Need help submitting your writing to literary journals or book publishers/literary agents? Click here! →
If you want to develop a regular submission strategy to keep your writing circulating (and published), you’ve got options. Resources and companies are available to you, but some of them are better than others. When deciding how to submit your work to literary journals or to agents, it’s important to have a solid grasp of two key factors:
1. Know the lay of the land. Before you trust anyone else to make your submissions for you or before you start making them yourself, it’s a good idea to know how the industry works. This way, you’ll be more likely to pick up on anything that doesn’t seem like a good practice (for example, sending an agent more than one book proposal at once is generally a no-no). You can get your bearings using our Free Publishing Tool Kit.
2. Know your goals. What’s behind your desire to make submissions? Do you want to get your name out there by publishing in lit mags? Do you hope to connect with a literary agent who can represent your book? When you have a clear goal, you’re more likely to attain it.
Pop Quiz! How To Find The Best Submission Help
Every writer is unique, and that means every writer has unique needs. When deciding if you want outside help in developing a submission strategy, ask yourself these questions.
How much help with submissions do you want? Some writers just want “names,” a list of markets that will review their work; they’ll do the rest. Other writers want Full Service attention, so that they don’t have to worry about any small part of their submission strategy. Choosing this route will maximize your time to write.
Write down your “best case scenario” wish list for getting help with your submissions. What do you want someone else to do for you? Write your query letter? Track editors’ responses to your poems? Etc.
Do you need real-life support? If you know you’re going to have questions about submission issues (like what you should do if a literary agent wants an exclusive, or what you should do if a literary journal doesn’t offer a written contract for publication), then you’ll need a plan.
If you’re making submissions on your own, you’ll need to have a reliable, tried-and-true support system of people you trust who are highly educated about the publishing industry and can advise you when questions arise.
If you’re going to work with a submission service like Writer’s Relief, confirm that you’ll have a knowledgeable professional on your team to help you get over the inevitable bumps on the road to publishing. At Writer’s Relief, each of our clients is placed with an experienced submission strategy team.
BONUS: Having a support system can help keep your submissions on track, but it can also help keep your writing on track. At Writer’s Relief, we truly encourage our clients to write and submit regularly via emails, personal phone calls, and more.
One way or another, what will you “pay” to get what you want? No submission service is free (not even if you do it yourself). If you want someone to prepare your submissions or simply to research them and give you names, then you’ll need to budget for the many hours a company will need to spend on these tasks.
If you go it alone, you’ll have to “pay yourself” with your time spent researching (which means you’ll not only have to find markets that work for you, but you’ll need to eliminate hundreds of thousands that don’t).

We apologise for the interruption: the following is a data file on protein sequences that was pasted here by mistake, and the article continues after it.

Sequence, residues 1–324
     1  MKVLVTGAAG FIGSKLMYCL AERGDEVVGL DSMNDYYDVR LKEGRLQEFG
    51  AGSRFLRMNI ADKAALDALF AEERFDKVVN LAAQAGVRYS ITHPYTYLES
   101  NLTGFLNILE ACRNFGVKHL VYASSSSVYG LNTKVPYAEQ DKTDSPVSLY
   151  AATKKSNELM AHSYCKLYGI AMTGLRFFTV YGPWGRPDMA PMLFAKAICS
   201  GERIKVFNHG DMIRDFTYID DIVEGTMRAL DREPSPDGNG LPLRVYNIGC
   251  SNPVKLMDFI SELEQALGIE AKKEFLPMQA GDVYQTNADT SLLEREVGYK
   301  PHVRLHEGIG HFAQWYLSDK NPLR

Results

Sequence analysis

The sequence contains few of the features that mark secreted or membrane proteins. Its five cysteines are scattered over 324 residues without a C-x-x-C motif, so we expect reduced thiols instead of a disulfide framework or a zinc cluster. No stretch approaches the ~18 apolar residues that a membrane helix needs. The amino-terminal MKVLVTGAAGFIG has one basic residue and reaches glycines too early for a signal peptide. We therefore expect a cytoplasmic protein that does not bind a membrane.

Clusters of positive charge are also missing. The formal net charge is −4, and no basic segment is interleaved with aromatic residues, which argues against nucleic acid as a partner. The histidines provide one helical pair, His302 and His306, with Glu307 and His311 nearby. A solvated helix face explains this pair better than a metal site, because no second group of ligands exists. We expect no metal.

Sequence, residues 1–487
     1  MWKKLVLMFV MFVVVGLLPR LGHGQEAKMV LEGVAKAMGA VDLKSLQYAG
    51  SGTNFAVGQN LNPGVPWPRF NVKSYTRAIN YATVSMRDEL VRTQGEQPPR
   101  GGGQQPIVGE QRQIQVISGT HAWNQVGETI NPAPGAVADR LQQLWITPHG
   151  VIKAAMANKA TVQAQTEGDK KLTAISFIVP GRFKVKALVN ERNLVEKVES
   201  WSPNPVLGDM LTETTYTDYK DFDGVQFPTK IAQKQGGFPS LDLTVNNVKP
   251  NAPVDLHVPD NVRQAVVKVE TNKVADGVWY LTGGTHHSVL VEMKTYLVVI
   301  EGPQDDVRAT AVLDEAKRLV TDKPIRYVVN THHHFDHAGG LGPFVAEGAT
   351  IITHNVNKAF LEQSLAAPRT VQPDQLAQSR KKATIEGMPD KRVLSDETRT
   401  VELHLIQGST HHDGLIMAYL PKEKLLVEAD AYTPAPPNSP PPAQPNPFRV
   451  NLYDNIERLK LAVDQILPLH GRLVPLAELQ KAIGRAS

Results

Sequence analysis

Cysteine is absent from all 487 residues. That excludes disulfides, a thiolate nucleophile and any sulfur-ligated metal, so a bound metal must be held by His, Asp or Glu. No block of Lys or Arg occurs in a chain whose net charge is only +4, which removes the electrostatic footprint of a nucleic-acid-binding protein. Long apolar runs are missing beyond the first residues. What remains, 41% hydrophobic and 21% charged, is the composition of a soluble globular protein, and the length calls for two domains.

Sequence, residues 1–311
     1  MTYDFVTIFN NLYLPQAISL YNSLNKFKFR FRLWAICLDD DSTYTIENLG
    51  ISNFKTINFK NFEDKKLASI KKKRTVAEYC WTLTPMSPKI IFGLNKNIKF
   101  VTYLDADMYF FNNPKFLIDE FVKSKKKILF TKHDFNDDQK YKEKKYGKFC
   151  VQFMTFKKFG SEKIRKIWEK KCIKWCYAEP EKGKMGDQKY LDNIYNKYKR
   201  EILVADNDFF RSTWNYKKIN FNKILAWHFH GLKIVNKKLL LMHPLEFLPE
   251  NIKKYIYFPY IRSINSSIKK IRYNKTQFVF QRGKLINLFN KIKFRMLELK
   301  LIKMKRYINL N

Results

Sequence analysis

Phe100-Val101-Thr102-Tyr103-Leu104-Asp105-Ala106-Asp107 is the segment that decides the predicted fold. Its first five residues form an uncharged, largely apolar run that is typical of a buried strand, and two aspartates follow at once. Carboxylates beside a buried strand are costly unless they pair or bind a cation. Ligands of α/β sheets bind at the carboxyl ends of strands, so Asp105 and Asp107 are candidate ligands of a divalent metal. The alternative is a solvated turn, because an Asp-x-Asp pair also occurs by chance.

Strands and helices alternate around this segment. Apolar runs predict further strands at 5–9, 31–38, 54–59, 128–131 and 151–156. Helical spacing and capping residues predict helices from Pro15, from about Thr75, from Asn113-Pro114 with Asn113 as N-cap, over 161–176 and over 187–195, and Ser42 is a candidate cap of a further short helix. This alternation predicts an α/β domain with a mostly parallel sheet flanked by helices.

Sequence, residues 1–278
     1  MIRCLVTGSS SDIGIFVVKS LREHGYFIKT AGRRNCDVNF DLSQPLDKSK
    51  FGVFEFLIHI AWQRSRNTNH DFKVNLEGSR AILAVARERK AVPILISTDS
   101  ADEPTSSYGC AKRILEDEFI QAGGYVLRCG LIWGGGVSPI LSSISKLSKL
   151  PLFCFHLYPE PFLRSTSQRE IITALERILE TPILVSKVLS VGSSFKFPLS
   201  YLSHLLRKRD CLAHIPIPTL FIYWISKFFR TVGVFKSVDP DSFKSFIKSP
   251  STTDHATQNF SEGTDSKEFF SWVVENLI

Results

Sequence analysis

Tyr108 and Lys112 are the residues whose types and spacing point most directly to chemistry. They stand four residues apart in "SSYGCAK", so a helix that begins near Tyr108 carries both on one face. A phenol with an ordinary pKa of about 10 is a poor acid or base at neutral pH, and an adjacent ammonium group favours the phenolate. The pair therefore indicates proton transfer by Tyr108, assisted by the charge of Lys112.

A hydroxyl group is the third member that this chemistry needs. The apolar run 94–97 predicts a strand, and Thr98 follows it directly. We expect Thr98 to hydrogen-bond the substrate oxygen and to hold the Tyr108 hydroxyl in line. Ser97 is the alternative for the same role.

Whether you pay a company to manage your submissions or whether you “pay” yourself to do it by putting in your own hours, the process can be intense.
Here are a few of the options available to you if you’re looking for third-party assistance making submissions.
Hire a submission service. If you’re going to hire a company like Writer’s Relief to help you, ask questions. Be sure you understand what you’re getting into. And be wary of promises to make all your dreams come true or requirements involving contracts that lock you in. Here are a few sample questions to ask:
- How do you research markets? Is research personalized?
- How many clients do you have? Any credible writers?
- What are your rates? Do you take commission?
- Who will be my contact at the company?
- Is any writer accepted or are there standards? What genres do you work with?
Hire a personal assistant. We consider ourselves a team of personal assistants who have specialized knowledge about the publishing industry and work offsite (not in our clients’ homes). You can hire a personal secretary to help you, but make sure it is someone with publishing experience.
Otherwise, you could waste as much time teaching someone to make your submissions as if you did them yourself. Also, keep in mind that expertise matters when tough questions arise, and you may need to turn to professionals for answers.
Use database websites and market books. Some websites and market books purport to do the hard work of researching submission guidelines for you. But beware! These sources are often unreliable and out of date. They work best as a starting point, not a final answer.
After you’ve found a market you’re interested in (and a hundred you’re not), you’ll need to go directly to the source to follow submission guidelines. This will eat up time, but could save your work from an outright rejection if you’ve made errors in your submissions.
The Bottom Line About Submission Services
Getting help making your submissions can be a smart choice that moves you closer to your goals as a writer. The more help you can get, the more time you’ll have to write. We hope you’ll check out Writer’s Relief (or at least take advantage of all our freebies!).